Coldplay released its first single "Brothers and Sisters," as well as its first music video "Bigger Stronger," in 1999. I may not be George Washington, but I won’t lie about this: Coldplay was basically a soft rock rip-off of Radiohead. Chris Martin's voice was the meager impression of Thom Yorke, and Jonny Buckland had Jonny Greenwood's guitar effects down to a T. Fifteen years later, Coldplay is now one of the biggest bands in the world. They recently released a track with some nocturnal electronica vibes, which might seem cool and futuristic to people who only listen to popular music. This is new territory for Coldplay, but the band's influences are just as borrowed as they were 15 years ago.


Chris Martin isn't impersonating Thom Yorke on "Midnight," but with the help of a vocoder, he sounds a darn lot like Bon Iver's Justin Vernon. The line "when I'm rolling with the punches" uses the exact same note-for-note hook that is heard on the line "'til one night, one stormy night" on the band’s 2011 hit "Paradise." These factors prove Coldplay's lack of originality. However, this new track is produced by Jon Hopkins, an electronica artist who made one of my personal favorite albums of 2013. "Midnight" isn't nearly as corny as anything from 2011's "Mylo Xyloto." These aspects give me some hope for Coldplay's future. I'm still just on the fence about this new song, but I'm not budging any time soon. After all, Coldplay has spent its entire career on the fence.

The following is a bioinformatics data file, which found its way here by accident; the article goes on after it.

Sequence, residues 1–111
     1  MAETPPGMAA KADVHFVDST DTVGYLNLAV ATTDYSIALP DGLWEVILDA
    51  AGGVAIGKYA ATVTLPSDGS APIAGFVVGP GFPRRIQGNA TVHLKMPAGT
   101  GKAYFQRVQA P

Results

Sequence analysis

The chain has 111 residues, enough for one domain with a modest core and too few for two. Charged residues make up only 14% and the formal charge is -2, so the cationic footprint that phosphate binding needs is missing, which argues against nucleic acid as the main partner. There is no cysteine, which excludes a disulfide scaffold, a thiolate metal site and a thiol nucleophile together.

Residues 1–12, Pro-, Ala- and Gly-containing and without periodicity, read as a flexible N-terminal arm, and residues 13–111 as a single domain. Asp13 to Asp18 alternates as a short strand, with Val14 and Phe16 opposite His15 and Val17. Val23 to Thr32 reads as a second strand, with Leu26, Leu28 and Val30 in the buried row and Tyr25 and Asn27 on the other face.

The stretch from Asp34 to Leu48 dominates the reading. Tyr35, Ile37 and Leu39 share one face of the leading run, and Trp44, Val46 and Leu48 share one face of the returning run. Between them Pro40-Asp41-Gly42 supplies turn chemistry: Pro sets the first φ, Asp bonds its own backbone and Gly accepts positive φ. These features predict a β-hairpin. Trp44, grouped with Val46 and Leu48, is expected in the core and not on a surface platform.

Coldplay has tried mimicking everyone from Radiohead to U2, from Arcade Fire to New Order, and apparently are now stretching from Bon Iver to Jon Hopkins. I'm curious: What does Coldplay sound like?


Coldplay was one of my personal favorite bands growing up. I am now cynical and have abandoned my childhood music tastes. Don't get me wrong, Coldplay deserves some credit for consistently trying new things; they just need to stop taking baby steps in different directions and take an artistic leap forward. "Midnight" is a baby step into the world of overly popular hipster music. People who wear fake glasses and expensive scarves might play this song on their iPhone after some M83 or Matt & Kim. The song is a cry for hipster cred. At the same time, Coldplay remains blandly ambient enough that your mom might dig this song. “Midnight” may sound dark, but never too dark. Martin repeats "leave a light on" five times here.


I know what Coldplay is doing. Something different, nothing bold.


I hope "Midnight" doesn't trick you into thinking Coldplay is a weird band now. I hope you explore the history of pop music genres and learn all the different artists that have already been making music like this. I hope you decide to take progressive leaps in your lives, and as Chris Martin sang in 2002, "I hope you understand."